Using Vuforia Engine with Unity

Vuforia Engine brings an important capability to HoloLens – the power to connect AR experiences to specific images and objects in the environment. You can use this capability to overlay guided step-by-step instructions on top of machinery for the industrial enterprise or add digital features and experiences to a physical product or game.

For greater flexibility when developing AR experiences, Vuforia Engine offers a broad range of features and targets. One of our newest features, Vuforia Model Targets, is a key capability for both commercial and industrial uses. Model Targets allow applications to recognize physical objects like machines, automobiles or toys and track them based on a CAD or digital 3D model. For industrial uses, this feature can provide assembly workers and service technicians with AR work instructions and procedural guidance while in the factory or out in the field.

Existing Vuforia Engine apps that were built for phones and tablets can easily be configured in Unity to run on HoloLens. You can even use Vuforia Engine to take your new HoloLens app to Windows 10 tablets such as the Surface Pro 4 and Surface Book.

Get the tools

Install the recommended versions of Visual Studio and Unity and then configure Unity to use Visual Studio and the preferred IDE and compiler.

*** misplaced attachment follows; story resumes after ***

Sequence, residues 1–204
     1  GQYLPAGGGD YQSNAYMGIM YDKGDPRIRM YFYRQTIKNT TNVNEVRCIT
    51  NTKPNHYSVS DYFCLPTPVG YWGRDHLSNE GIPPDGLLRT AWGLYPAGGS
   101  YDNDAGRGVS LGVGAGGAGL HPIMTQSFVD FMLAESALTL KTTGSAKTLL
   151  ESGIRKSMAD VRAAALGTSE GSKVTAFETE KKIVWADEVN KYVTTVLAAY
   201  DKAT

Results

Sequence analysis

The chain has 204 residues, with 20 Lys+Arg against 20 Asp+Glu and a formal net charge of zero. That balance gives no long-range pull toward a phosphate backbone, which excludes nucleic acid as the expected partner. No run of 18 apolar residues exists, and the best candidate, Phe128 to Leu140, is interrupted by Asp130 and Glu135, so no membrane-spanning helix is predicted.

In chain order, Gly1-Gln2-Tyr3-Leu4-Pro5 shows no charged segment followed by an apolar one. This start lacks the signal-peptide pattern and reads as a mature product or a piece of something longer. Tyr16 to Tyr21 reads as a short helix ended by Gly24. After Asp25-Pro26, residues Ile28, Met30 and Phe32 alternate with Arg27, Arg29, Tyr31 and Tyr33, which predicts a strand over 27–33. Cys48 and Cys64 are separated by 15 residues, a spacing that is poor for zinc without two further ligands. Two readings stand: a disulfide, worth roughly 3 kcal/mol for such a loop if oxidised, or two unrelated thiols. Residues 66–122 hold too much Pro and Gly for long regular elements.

When installing Unity, be sure to install either the “Windows Store .NET Scripting Backend” or the “Windows Store IL2CPP Scripting Backend”. Also, be sure to select “Vuforia Augmented Reality Support” to enable Vuforia Engine within Unity.

Getting started with Vuforia Engine

Since Vuforia Engine is integrated into Unity, developers don’t need to download or install any extra tools. The recommended version of Unity is the LTS stream which is currently at 2017.3 and includes Vuforia Engine 7.0.57. The best starting point for learning about using Vuforia Engine with HoloLens is with the Vuforia Engine HoloLens sample (available in the Unity Asset Store). The sample provides a complete HoloLens project including pre-configured scenes that can be deployed to a HoloLens.

The scenes show how to use Vuforia Image Targets to recognize an image and augment it with digital content in a HoloLens experience. Developers using more recent versions of Unity and Vuforia have access to updated samples which include a scene showing the usage of Model Targets on HoloLens. You can easily substitute your own content in the scenes to experiment with the creation of HoloLens apps that use Vuforia Engine.

Configuring a Vuforia App for HoloLens

Developing a Vuforia Engine app for HoloLens is fundamentally the same as developing Vuforia Engine apps for other devices. You can then apply the build settings and configurations described in the section below. That’s all that’s needed to enable Vuforia Engine to work with the HoloLens spatial mapping and positional tracking systems.

Build and Run the Vuforia Engine Sample for HoloLens

  1. Download the Vuforia Engine Sample for HoloLens from the Unity Asset Store
  2. Apply the recommended Unity engine options for power and performance
  3. Add the sample scenes to Scenes in Build.
  4. Set your platform build target for “Universal Windows Platform” in File > Build Settings.